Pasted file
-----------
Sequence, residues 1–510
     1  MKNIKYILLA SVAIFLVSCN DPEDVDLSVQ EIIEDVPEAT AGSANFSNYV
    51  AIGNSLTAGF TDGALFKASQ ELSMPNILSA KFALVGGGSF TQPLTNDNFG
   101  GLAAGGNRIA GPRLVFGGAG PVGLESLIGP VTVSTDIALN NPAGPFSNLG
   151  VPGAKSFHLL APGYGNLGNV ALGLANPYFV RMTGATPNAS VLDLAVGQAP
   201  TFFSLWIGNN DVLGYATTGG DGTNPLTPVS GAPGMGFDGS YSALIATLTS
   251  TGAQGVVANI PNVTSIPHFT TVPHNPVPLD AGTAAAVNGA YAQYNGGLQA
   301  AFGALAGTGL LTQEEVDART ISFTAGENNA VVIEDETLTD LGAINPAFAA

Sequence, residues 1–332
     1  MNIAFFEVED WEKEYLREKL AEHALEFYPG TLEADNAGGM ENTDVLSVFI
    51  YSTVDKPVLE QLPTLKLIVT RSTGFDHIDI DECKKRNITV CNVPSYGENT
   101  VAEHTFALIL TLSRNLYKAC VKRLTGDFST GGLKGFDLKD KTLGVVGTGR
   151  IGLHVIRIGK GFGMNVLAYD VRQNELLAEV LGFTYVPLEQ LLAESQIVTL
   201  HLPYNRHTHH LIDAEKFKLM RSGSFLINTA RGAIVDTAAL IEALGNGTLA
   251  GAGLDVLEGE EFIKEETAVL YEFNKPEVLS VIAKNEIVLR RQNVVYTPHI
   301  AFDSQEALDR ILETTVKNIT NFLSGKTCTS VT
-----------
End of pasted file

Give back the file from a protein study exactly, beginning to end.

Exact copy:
Sequence, residues 1–510
     1  MKNIKYILLA SVAIFLVSCN DPEDVDLSVQ EIIEDVPEAT AGSANFSNYV
    51  AIGNSLTAGF TDGALFKASQ ELSMPNILSA KFALVGGGSF TQPLTNDNFG
   101  GLAAGGNRIA GPRLVFGGAG PVGLESLIGP VTVSTDIALN NPAGPFSNLG
   151  VPGAKSFHLL APGYGNLGNV ALGLANPYFV RMTGATPNAS VLDLAVGQAP
   201  TFFSLWIGNN DVLGYATTGG DGTNPLTPVS GAPGMGFDGS YSALIATLTS
   251  TGAQGVVANI PNVTSIPHFT TVPHNPVPLD AGTAAAVNGA YAQYNGGLQA
   301  AFGALAGTGL LTQEEVDART ISFTAGENNA VVIEDETLTD LGAINPAFAA

Sequence, residues 1–332
     1  MNIAFFEVED WEKEYLREKL AEHALEFYPG TLEADNAGGM ENTDVLSVFI
    51  YSTVDKPVLE QLPTLKLIVT RSTGFDHIDI DECKKRNITV CNVPSYGENT
   101  VAEHTFALIL TLSRNLYKAC VKRLTGDFST GGLKGFDLKD KTLGVVGTGR
   151  IGLHVIRIGK GFGMNVLAYD VRQNELLAEV LGFTYVPLEQ LLAESQIVTL
   201  HLPYNRHTHH LIDAEKFKLM RSGSFLINTA RGAIVDTAAL IEALGNGTLA
   251  GAGLDVLEGE EFIKEETAVL YEFNKPEVLS VIAKNEIVLR RQNVVYTPHI
   301  AFDSQEALDR ILETTVKNIT NFLSGKTCTS VT